For almost 300 years parishioners have simply climbed a ladder to light the 24 candles that sit in a chandelier in Wymondham Abbey. But like many things now deemed to be a health and safety hazard, that tradition has come to an end - at a cost of £6000 (US$10800). Instead of wobbling on top of a ladder several feet above the ground, technology has taken over, with a pulley system and electric motor installed so the striking brass chandelier can be lowered for maintenance and lighting. This Easter weekend the public will see it lit for the first time in two years after work on the project was finally completed, see photo above.
Churchwarden, Bruce Wilson, said there was no record of anybody being hurt in the past, but they had to comply with a risk assessment carried out. "We either had to stop using it or comply with the regulations, so we have to have this motor costing £6000. "If you look from the church's point of view, £6000 can be so much better spent, it's a considerable sum." But Mr Wilson also said that with an ageing congregation there were fewer people who could "shin up a ladder", adding: "Most of us are fairly infirm and doddery!"
The chandelier was given to the abbey in 1712 by parishioner Elizabeth Hendry. It was once the main source of light in the historic Grade I-listed building, before being moved to the Lady Chapel in 1903 at the time of the great restoration. "It's a huge chandelier and very heavy. It had to be lit whenever they had a service in the evening, during the hours when it was dark," said Mr Wilson. "It would have meant someone going up ladders to replace and light the candles. It's very important from our point of view, it's a really beautiful piece."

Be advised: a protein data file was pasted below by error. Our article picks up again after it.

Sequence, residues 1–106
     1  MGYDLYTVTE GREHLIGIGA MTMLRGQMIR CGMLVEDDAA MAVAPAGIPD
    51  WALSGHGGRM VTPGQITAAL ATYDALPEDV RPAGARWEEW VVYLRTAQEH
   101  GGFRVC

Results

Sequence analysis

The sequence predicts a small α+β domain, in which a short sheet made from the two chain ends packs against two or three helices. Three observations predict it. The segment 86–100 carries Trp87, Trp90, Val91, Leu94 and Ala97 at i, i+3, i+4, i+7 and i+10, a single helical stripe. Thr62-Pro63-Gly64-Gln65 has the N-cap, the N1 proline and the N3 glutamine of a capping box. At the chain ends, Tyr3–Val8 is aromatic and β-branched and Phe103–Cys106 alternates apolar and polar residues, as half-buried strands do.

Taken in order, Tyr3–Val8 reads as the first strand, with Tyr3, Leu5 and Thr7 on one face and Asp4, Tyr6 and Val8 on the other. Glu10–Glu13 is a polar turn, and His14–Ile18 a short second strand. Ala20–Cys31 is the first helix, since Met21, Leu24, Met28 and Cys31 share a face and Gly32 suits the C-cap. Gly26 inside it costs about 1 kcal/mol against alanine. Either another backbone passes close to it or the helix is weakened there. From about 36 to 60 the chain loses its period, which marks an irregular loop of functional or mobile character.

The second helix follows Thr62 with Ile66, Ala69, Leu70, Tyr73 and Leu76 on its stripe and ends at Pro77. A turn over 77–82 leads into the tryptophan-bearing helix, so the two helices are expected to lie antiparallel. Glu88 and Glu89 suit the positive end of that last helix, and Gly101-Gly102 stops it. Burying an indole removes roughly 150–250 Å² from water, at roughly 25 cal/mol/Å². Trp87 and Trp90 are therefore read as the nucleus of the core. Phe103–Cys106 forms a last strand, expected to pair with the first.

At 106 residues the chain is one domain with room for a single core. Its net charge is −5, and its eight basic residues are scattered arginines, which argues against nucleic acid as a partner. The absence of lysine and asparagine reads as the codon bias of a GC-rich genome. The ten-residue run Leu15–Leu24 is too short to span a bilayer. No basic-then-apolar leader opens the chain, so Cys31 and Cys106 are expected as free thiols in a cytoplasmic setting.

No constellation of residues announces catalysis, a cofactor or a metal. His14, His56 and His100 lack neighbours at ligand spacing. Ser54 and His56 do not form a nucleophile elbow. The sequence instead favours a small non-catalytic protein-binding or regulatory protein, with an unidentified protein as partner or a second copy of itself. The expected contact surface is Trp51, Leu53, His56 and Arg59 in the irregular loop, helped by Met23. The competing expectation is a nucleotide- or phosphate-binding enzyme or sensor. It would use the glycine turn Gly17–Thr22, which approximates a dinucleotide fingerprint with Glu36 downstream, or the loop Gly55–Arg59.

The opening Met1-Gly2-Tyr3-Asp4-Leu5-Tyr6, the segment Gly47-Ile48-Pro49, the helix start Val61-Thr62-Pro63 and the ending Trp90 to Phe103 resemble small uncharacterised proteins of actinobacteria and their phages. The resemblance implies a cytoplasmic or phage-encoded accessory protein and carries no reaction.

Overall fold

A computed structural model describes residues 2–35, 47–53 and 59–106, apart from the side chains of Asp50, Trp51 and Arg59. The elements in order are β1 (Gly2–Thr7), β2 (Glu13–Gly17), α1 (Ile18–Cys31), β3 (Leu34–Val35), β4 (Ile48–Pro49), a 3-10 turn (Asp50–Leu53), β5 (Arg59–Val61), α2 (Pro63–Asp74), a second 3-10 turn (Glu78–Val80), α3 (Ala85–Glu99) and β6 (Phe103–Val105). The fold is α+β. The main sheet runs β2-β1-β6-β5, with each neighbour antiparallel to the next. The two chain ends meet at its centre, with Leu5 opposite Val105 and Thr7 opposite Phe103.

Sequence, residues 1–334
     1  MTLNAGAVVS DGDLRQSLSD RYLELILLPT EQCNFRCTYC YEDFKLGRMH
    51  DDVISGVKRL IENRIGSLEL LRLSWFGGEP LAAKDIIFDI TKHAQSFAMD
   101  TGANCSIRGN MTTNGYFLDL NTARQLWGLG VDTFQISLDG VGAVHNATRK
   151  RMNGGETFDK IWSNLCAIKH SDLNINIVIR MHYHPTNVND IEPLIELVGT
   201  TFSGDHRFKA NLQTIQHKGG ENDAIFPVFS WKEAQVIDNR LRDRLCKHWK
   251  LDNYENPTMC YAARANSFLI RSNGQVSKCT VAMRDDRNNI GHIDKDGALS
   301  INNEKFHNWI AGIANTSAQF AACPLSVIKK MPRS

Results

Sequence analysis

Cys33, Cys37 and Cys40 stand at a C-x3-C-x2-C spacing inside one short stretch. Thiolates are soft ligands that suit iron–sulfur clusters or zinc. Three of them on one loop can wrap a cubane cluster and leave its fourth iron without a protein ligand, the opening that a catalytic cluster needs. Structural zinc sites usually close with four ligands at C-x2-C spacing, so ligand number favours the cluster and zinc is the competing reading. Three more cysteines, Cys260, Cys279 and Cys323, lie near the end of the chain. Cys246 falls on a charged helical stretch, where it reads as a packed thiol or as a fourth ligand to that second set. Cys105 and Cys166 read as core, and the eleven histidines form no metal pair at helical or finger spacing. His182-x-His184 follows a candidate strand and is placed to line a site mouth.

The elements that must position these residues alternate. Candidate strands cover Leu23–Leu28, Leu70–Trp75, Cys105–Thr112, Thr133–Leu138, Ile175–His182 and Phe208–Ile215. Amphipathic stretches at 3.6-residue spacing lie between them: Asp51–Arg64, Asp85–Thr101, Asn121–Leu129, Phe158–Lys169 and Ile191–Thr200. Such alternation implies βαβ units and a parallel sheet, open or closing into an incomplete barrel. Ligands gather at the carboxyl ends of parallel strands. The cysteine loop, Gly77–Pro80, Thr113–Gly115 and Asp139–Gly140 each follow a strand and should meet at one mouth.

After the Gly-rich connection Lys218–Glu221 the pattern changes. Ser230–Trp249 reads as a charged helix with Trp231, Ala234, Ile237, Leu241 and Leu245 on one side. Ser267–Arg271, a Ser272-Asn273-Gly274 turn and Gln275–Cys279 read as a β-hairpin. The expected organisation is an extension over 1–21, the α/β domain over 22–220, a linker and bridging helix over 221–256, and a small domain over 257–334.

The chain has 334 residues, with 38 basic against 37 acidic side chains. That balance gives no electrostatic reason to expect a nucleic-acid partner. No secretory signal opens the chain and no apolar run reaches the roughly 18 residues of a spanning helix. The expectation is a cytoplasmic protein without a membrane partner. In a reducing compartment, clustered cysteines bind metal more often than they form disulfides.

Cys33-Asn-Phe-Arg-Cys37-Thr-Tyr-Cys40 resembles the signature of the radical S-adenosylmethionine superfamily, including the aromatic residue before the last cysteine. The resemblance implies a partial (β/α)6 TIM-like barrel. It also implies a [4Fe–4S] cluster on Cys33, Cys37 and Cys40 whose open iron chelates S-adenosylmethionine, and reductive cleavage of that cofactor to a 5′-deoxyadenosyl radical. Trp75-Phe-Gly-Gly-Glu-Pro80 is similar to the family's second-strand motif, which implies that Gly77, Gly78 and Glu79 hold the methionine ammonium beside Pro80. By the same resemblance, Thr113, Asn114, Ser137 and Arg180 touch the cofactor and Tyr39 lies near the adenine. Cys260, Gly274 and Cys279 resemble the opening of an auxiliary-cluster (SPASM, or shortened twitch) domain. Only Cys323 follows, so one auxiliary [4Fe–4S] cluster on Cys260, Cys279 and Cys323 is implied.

The cost of the work is being met by the church's Friends group and Abbey Preservation Trust. (Picture of Abbey to left.) The story is reminiscent of the situation faced by a church in Beccles last year, which was left with a £1300 bill to replace a handful of bulbs costing 84p each, because of new health and safety laws. In recent years the chandelier at Wymondham has only been lit from Maundy Thursday or Good Friday to Easter Sunday. But when parishioner Paul Wood was made the abbey's health and safety advisor two years ago, his first job was to explain that it was too dangerous for people to climb ladders to do this.
"My take on it was with health and safety we had no choice but to do something. It's not only the cost, it's the human cost as well," said Mr Wood. "The people who do the cleaning in the abbey are all volunteers and the people who used to take it apart were volunteers. If one of them falls you have the cost to the individual, the family and the financial cost. "This means it can be cleaned by a group of people and it doesn't matter who they are and it can be lit by anybody, rather than someone who's able bodied." Mr Wood said it had been a long process to get the equipment installed as they had to get permission from the diocese and English Heritage, then find the right contractor to do the work.
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